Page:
New Years Editorial

January 6, 2017

Budget-cutting by the capitalist politicians has reached the point where, in many cities, government has stopped providing many vital services altogether. Unemployed and poverty stricken workers are denied relief and many thrown out of their homes and into the streets. Schools are shut down, more children crowded into fewer classrooms and deprived of books and supplies. Public transit is reduced to the point where many workers cannot get to their jobs. The right to health care isn’t guaranteed and untimely deaths occur that were preventable.  

The politicians in both the Republican and Democratic parties and at every level of government keep trying to justify these attacks on the peoples’ basic economic rights by claiming that the government doesn’t have “enough money.” In fact for many years, the politicians have been using this as their excuse for gutting social services. However, the economic rights of the people are denied not because of economic scarcity, but because of politics – because the agenda of the Democrats and Republicans are to serve the interests of the capitalist class. This becomes especially evident when government at all levels continues the program of minimizing investments in social programs as it most often does, even during times of budget surplus.

And when we look at the other side of the ledger – at taxation of the workers – we get an opposite picture. On this side we see the workers bearing most of the costs, while the capitalists pay next to nothing in taxes. Over the years, the tax policy has become more and more regressive. In 1943 corporate income tax accounted for nearly 40% of government revenues while the workers’ share amounted to about 27%. But each successive administration has created new loopholes for the rich while raising the taxes paid by the working people. A major change took place with the massive “tax reform” law of the Reagan-Bush years (which was authored by the Democrats and approved by the Republicans.) This “reform” drastically cut corporate tax rates from 50% to 36% while simultaneously reducing the tax rate for wealthy individuals from 70% to 34%. Tens of millions of working people found their taxes raised while everyone was hit with several increases in social security taxes. Altogether, by the late 20th century, the working people were paying 75% of the total federal tax bill. In addition, large cuts in federal monies going to states and municipalities have continued to prod large increases in regressive local taxes.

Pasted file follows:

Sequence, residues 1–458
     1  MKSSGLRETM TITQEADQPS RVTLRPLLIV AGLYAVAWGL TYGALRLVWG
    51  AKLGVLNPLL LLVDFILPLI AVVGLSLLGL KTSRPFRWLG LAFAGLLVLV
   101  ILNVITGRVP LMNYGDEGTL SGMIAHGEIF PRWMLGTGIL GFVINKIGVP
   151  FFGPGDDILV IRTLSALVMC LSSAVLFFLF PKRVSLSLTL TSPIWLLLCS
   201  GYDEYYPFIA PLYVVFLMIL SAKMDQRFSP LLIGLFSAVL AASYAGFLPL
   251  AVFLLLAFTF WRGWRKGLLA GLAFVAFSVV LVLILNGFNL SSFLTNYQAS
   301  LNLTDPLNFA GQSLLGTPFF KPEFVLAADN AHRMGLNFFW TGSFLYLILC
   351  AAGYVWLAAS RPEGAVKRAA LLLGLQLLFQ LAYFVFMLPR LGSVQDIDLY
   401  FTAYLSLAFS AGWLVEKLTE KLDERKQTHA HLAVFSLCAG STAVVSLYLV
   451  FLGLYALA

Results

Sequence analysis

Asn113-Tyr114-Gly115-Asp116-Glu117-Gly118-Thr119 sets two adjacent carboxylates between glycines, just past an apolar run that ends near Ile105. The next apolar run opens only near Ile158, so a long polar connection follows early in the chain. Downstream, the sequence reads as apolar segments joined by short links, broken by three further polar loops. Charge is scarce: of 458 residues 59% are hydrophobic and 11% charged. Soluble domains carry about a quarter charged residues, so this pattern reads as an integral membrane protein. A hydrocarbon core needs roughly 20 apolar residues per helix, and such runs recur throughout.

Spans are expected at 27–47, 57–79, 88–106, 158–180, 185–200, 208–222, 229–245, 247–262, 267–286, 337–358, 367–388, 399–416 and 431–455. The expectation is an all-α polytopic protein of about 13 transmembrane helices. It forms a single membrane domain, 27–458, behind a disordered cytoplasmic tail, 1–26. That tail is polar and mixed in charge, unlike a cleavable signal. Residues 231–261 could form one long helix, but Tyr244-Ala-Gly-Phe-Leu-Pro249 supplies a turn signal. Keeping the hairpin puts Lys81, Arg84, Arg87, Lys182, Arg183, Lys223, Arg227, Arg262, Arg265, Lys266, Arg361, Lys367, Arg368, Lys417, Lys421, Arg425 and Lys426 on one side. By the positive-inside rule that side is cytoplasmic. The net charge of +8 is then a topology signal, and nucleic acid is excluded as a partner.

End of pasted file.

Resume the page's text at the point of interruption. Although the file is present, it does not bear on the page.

In addition to shifting the burden of the so-called “deficit” onto the backs of the workers, the government has taken huge sums out of the public treasury in order to fatten the profits of the monopoly capitalists. During the last decade of the 20th century for example, more than $3 trillion went to the big bankers as interest on the debt; another $3 trillion went to the Pentagon arms merchants. Trillions more were given to the capitalists in the form of fat contracts, research and development grants and infrastructure investments. 

Behind this anti-social agenda is the class bias of the Republican and Democratic parties. Their bi-partisan fiscal policy is to use the government’s power as a means for picking the pockets of the workers and turning our hard-earned wages over to the capitalist billion and trillionaires.